The Musikverein concert hall has hosted the stars of classical music for 149 years. Its sound enjoys an excellent reputation with musicians and audiences around the world.
Leave it to Austrians to build one of the world's best concert halls more or less by accident. Vienna's Musikverein was constructed before architects had precise knowledge of acoustics, yet the concert space has optimal sound conditions. You haven't heard Netrebko or Riccardo Muti until you've heard them at the “Golden Hall.”
For the love of music
The Musikverein is home to the "Society of Music Lovers," an association dedicated to the promotion of classical music since 1812. Their passion shows. International stars like Harnoncourt, Barenboim, and Argerich share the stage with the Vienna Symphony Orchestra and the Vienna Philharmonic.
Only as good as it sounds
In a city famous for classical music, the Musikverein carries a special responsibility. Viennese audiences demand an inspired program and excellence from musicians and venues. The Golden Hall, which holds about 2,000 people, more than lives up to expectations. Its unconventional rectangular layout ensures two conditions for great sound: quick reverberation and broad sound scattering.
A highlight at the Musikverein is the annual New Year's Concert. 50 million people follow the performance, making it is the world's most popular classical concert. With this many eyes and ears on the Musikverein, there is no room for error.
“And then those really special moments are created, those Magic Moments”
Behind the Scenes: A Day with the Head Usher
Walter Deibler, head usher at Vienna’s Musikverein (the “Society of Music Lovers”), is a bastion of calm surrounded by turmoil. A torrential downpour is dousing downtown Vienna, and within a very short time two to three thousand people with umbrellas and dripping coats stream into the Musikverein’s foyer. This alone presents a challenge for the staff here, but today a number of other things go awry as well: a patron in a wheelchair holds a ticket for a seat that is not wheelchair-accessible, two cost-conscious concert-goers refuse to pay the fee of 1.70 euros to check their coats and begin arguing with the cloakroom attendants in the foyer, and a subscription-holding couple stands in front of the entrance to the Great Hall of the Musikverein without tickets – they left them at home.
Walter Deibler is not fazed by any of this. There is nothing that this 53-year-old has not seen in his twenty-five years at the Musikverein. With the imperturbability of a grand seigneur, Deibler quickly and smoothly gets everything back on an even keel: the Liszt fan in the wheelchair is given a different seat with a much better view of the stage, two replacement tickets are printed out for the subscription holders, and Deibler appeases the two carping visitors by the cloakroom with a forbearance that even Mahatma Gandhi would have admired.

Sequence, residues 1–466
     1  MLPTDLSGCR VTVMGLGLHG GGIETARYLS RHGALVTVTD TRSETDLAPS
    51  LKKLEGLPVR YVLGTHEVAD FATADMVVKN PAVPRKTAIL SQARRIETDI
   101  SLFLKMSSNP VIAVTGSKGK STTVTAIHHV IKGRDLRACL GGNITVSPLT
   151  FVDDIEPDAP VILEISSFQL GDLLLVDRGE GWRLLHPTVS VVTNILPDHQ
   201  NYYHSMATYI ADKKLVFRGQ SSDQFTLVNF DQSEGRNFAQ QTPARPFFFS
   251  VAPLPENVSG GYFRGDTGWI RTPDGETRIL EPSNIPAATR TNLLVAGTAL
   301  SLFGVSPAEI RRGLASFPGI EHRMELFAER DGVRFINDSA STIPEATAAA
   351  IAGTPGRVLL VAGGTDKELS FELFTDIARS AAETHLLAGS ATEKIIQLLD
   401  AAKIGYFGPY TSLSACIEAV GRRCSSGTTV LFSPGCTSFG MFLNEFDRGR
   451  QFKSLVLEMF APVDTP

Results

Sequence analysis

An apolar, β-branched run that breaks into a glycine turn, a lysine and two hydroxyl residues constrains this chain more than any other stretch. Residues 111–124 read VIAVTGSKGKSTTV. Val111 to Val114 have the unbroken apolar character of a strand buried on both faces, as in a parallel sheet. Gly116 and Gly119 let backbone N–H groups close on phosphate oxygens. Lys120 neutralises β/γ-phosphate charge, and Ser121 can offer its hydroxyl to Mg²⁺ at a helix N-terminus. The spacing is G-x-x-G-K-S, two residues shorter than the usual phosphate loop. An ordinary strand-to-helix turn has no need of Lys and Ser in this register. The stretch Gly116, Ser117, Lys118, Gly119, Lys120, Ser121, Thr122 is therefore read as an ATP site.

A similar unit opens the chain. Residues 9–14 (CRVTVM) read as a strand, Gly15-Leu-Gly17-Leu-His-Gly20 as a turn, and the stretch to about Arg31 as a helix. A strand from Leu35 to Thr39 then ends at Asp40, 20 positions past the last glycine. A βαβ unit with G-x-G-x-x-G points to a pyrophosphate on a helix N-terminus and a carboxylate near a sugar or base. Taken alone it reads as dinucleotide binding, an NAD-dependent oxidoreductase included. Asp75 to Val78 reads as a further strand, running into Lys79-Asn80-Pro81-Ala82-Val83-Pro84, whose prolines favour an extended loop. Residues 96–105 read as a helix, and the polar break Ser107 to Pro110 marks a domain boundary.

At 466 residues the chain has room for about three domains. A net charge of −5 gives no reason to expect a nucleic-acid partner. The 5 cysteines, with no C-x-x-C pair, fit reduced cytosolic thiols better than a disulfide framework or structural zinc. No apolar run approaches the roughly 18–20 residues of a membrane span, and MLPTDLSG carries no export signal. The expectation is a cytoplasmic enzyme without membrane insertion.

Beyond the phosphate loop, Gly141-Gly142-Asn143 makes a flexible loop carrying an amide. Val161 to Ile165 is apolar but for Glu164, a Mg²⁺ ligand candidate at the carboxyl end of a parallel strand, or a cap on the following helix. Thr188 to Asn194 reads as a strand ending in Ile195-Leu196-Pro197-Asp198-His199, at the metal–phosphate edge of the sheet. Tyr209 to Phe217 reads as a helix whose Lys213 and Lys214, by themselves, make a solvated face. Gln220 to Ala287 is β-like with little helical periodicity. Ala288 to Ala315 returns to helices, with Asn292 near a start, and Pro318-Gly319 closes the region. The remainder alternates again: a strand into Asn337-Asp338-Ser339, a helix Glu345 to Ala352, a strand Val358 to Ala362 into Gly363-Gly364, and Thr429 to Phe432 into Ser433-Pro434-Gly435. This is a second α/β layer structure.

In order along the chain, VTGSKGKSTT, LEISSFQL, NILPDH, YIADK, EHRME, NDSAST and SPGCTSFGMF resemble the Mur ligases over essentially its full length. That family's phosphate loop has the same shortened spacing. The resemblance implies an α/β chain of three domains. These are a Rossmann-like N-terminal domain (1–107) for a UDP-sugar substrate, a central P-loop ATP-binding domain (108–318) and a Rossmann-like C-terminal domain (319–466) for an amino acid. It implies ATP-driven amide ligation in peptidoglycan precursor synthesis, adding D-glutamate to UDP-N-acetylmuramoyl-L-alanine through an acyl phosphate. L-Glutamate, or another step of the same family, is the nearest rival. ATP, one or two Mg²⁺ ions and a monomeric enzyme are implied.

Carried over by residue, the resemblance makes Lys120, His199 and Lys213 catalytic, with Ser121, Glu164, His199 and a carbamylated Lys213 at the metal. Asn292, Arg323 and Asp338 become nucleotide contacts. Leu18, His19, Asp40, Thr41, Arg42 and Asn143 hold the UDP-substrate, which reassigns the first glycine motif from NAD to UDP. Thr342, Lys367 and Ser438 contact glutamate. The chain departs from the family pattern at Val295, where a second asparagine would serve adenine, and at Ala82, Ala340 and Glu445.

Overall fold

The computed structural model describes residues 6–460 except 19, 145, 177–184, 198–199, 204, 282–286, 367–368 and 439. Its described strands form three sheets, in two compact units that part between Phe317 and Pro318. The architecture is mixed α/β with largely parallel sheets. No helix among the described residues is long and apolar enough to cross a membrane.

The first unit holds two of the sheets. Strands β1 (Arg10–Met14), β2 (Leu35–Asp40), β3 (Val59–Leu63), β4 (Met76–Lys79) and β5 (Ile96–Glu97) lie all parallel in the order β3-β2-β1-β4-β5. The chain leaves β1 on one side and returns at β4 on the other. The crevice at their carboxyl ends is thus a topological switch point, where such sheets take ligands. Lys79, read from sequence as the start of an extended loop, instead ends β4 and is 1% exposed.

“There is no doubt for me that I have a dream job,” says Walter Deibler, accompanying a patron up to the Musikverein’s famous “Golden Hall”. “I have met people here whom one would not meet as just an ordinary person.” Cecilia Bartoli, Nikolaus Harnoncourt, Seiji Ozawa, Riccardo Muti, Anna Netrebko – Deibler knew or knows them all, the celebrities of the world of classical music who are constantly coming and going at the Musikverein.
Striking the First Chords
7.29 p.m.: Conductor Martin Haselböck has slipped into his tails, and at the edge of the stage of the “Golden Hall” he checks again that his bow tie is straight. Some 2,000 concert-goers await his entrance; the musicians of the “Orchester Wiener Akademie” – an ensemble of international renown – have taken their seats. When Maestro Haselböck strides to the conductor’s podium at precisely half past seven and shakes the hand of the concertmaster, there is a surge of applause from the audience. Haselböck takes a microphone and gives a brief introduction: the “Wiener Akademie”, he says, “is the only orchestra in the world that plays the works of Franz Liszt on original instruments.” The conductor explains that in this way, he – along with the ensemble that he founded – attempts to do justice to the Austro-Hungarian composer. Haselböck lays the microphone aside and picks up his baton. The concert begins. The programme kicks off with Liszt’s orchestral version of his “Mephisto Waltz No. 1”, one of the composer’s best-known works. Then organist Christian Schmitt takes the stage. In perfect ensemble with Haselböck and his orchestra, the organ virtuoso launches into the “Fantasy and Fugue on the Chorale Ad nos, ad salutarem undam”, and at the piece’s powerful climax the crystal chandeliers in the “Golden Hall” seem to tremble gently. When the work concludes, the audience responds with thunderous applause.
Calling it a Day
11.05 p.m.: exhausted, head usher Walter Deibler falls into his office chair. His summary of the evening: everything turned out fine – once again. The last cloakroom attendant has just left the Musikverein, and now it is about time for Deibler to go home as well. How will the native Viennese spend the rest of the evening? “With a glass of wine,” he says. “Perhaps I will even put on a Liszt CD.” After all, Deibler scarcely heard a note of the concert in the Great Hall.